Matthew Griffin, described as “The Adviser behind the Advisers” and a “Young Kurzweil,” is the founder and CEO of the World Futures Forum and the 311 Institute, a global Futures and Deep Futures consultancy working between the dates of 2020 to 2070, and is an award winning futurist, and author of “Codex of the Future” series. Regularly featured in the global media, including AP, BBC, CNBC, Discovery, RT, and Viacom, Matthew’s ability to identify, track, and explain the impacts of hundreds of revolutionary emerging technologies on global culture, industry and society, is unparalleled. Recognised for the past six years as one of the world’s foremost futurists, innovation and strategy experts Matthew is an international speaker who helps governments, investors, multi-nationals and regulators around the world envision, build and lead an inclusive, sustainable future. A rare talent Matthew’s recent work includes mentoring Lunar XPrize teams, re-envisioning global education and training with the G20, and helping the world’s largest organisations envision and ideate the future of their products and services, industries, and countries. Matthew's clients include three Prime Ministers and several governments, including the G7, Accenture, Bain & Co, BCG, Credit Suisse, Dell EMC, Dentons, Deloitte, E&Y, GEMS, Huawei, JPMorgan Chase, KPMG, Lego, McKinsey, PWC, Qualcomm, SAP, Samsung, Sopra Steria, T-Mobile, and many more.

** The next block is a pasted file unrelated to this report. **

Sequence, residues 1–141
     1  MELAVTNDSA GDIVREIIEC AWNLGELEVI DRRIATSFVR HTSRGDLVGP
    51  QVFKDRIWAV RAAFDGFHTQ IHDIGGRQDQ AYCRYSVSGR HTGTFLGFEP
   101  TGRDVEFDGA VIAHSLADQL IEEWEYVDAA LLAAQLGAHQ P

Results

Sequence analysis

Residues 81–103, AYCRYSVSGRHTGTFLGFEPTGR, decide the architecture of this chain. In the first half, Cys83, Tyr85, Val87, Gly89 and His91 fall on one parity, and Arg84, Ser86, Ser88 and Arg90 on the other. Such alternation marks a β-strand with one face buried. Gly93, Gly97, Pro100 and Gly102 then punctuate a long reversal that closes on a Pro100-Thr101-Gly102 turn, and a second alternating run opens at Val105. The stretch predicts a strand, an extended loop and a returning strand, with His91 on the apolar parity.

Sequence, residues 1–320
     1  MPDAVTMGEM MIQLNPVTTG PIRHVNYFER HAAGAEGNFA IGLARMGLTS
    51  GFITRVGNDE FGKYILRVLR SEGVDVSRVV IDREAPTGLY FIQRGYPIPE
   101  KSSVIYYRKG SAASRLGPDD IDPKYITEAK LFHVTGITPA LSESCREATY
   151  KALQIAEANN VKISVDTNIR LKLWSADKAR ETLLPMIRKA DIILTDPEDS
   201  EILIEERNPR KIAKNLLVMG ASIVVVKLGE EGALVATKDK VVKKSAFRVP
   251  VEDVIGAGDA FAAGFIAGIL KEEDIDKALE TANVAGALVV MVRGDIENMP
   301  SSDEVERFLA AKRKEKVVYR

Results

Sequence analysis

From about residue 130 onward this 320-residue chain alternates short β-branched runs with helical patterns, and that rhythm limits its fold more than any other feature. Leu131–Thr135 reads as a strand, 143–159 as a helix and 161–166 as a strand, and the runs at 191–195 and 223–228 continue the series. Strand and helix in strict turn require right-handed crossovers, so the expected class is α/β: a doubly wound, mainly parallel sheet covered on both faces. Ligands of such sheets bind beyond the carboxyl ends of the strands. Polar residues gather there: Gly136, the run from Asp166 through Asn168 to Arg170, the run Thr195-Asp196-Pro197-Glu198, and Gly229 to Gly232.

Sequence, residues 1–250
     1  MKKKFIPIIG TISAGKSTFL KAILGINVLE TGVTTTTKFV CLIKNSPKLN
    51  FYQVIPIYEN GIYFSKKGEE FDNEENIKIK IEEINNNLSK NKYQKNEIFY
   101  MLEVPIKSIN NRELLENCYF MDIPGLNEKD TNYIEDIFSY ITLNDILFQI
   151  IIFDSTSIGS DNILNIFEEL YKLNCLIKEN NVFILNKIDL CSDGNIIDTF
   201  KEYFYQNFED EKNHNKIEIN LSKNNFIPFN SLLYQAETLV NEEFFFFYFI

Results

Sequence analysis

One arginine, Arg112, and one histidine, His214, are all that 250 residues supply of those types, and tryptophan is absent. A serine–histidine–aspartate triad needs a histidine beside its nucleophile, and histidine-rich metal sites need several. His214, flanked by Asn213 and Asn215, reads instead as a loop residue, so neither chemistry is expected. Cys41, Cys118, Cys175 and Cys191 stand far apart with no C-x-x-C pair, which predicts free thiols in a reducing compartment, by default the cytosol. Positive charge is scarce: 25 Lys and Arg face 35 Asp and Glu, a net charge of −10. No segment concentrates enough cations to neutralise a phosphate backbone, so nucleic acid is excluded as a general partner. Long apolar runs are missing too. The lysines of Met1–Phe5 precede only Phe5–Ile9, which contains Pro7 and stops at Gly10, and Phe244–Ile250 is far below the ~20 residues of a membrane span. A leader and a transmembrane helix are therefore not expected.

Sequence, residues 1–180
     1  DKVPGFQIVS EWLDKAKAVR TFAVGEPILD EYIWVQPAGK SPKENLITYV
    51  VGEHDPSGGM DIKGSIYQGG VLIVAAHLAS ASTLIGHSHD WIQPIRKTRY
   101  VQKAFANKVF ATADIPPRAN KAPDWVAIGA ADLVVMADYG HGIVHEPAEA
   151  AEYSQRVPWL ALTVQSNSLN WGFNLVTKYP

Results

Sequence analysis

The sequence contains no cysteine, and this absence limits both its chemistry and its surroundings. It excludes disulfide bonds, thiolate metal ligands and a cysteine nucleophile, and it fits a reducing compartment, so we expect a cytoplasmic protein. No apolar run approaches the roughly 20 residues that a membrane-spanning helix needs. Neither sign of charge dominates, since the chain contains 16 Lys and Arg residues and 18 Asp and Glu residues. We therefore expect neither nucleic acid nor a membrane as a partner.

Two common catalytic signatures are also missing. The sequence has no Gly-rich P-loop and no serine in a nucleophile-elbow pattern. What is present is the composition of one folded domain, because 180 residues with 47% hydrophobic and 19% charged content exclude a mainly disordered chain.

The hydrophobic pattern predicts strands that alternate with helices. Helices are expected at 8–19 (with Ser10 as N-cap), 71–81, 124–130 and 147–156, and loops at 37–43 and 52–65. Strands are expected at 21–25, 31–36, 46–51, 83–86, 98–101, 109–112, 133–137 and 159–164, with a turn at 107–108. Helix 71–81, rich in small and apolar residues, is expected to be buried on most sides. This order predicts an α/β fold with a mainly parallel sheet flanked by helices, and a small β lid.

WHY THIS MATTERS IN BRIEF
There is a lot of hype about using AI to help design and discover new drugs, but we are starting to see results.
Researchers often spend billions of dollars and countless hours developing new drugs, only for the vast majority to fail long before they reach human trials. And in recent years some of those developers have started exploring ways to use Artificial Intelligence (AI) to help them discover new drugs, with one such AI designing 30,000 new drug combinations in just 21 days, some of which showed a lot of promise. Now though, in another development, one of those AI’s has managed to develop a promising new flu vaccine — all by itself.
The AI, called Smart Algorithms for Medical Discovery (SAM), is the work of researchers at Australia’s Flinders University.
The Flinders team started by feeding SAM information on chemical compounds known to activate the human immune system, as well as compounds known to have no effect on it, researcher Nikolai Petrovsky told Business Insider Australia.
Then they developed a computer program that could generate trillions of chemical compounds and let SAM decide which of those compounds might be promising candidates for new drugs.
The team then synthesized some of SAM’s top candidates and tested them on human blood cells in a lab. One of those candidates was a flu vaccine “turbocharger” that later proved incredibly effective in animals.
Clinical trials of the new vaccine in human patients have now kicked off all across the US, and if they go as hoped, we could be entering an era of fewer flus – and more AI developed drugs.